Remember Me?: Discovering My Mother as She Lost Her Memory by Shobna Gulati

A memoir about dementia. A memoir that’s about a fractured family. A memoir about immigration. A memoir about memories fought for, won, reimagined, remembered, and sometimes forgotten. A memoir about ‘being honest with yourself, in the face of adversity, your culture, your upbringing, your siblings, and even your own parents. 

Shobna Gulati’s memoir about her Mother’s dementia is a multilayered memoir, at times a dual narrative. One story is of a talented artistic daughter stuck in a patriarchal culture that's of equal disparity to 1970s working-class Britain. The other story is of Shobna’s Mum, Asha, a woman born as a second-generation immigrant, one of the empire's children, who raises a family of four children, after her husband dies tragically young, and slowly succumbs to Dementia.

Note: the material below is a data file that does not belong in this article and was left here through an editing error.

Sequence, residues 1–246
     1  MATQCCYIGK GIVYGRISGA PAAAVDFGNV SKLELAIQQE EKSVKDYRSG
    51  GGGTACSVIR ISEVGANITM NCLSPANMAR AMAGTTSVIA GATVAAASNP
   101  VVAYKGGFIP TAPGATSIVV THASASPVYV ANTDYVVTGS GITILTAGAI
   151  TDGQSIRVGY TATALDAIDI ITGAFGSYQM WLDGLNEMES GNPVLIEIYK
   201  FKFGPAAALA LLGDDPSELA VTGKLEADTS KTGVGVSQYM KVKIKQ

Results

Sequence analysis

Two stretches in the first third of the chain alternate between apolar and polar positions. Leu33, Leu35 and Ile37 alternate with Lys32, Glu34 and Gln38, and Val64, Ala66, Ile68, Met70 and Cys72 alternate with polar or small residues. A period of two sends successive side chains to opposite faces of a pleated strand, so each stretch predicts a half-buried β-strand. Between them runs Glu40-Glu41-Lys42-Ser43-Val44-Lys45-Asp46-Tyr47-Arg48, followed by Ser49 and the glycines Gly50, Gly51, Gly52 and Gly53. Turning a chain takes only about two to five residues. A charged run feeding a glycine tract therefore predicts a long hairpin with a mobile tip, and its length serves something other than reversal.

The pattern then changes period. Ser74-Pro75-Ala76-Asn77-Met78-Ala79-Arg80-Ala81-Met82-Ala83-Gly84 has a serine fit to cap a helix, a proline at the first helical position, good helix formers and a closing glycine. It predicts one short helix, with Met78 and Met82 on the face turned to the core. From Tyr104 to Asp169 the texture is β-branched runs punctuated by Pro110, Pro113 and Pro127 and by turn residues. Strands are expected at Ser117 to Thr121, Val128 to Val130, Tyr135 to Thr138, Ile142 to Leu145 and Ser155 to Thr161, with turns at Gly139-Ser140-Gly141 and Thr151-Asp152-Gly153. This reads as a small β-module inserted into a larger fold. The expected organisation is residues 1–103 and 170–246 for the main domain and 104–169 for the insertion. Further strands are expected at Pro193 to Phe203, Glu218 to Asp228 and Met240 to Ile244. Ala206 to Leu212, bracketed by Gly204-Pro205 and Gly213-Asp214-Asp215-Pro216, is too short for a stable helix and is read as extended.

Shobna’s prose is as honest as it is beautiful, describing her Fathers sudden death; ‘I can only describe life at this stage as watching the colour seep from the walls. As though we had all been living in Technicolour and suddenly it faded and bleached out to monochrome’ Upon finding out about her mothers illness ‘A rain cloud that had been dodging us and that we hoped would be blown away seemed now to be getting closer and darker each day. The contents of it would change the course of our lives' 

A memoir of a compassionate carer who just happens to be an actress, star of the stage, Doctor WhoDinnerladies and of course Coronation Street ‘Remember Me’ is on its own in terms of what we can usually expect from the usual fare of fodder packed celebratory memoirs. You usually get the story of rags to riches interspersed with ambition, striving against the odds, and ultimately success. This book has a bit of that, but only a bit, and is, in essence, a lament, a eulogy, to Shobna Gulati’s Mum, Asha, and a real-life account of how dementia not only takes from the victim, it can rob a family of so much as well. It’s what makes this memoir so brilliantly different from any memoir I've ever read. For me, a memoir is an open and honest account, a book that opens up, literally, into another person's life or world, and this memoir delivers in droves. Highly recommended.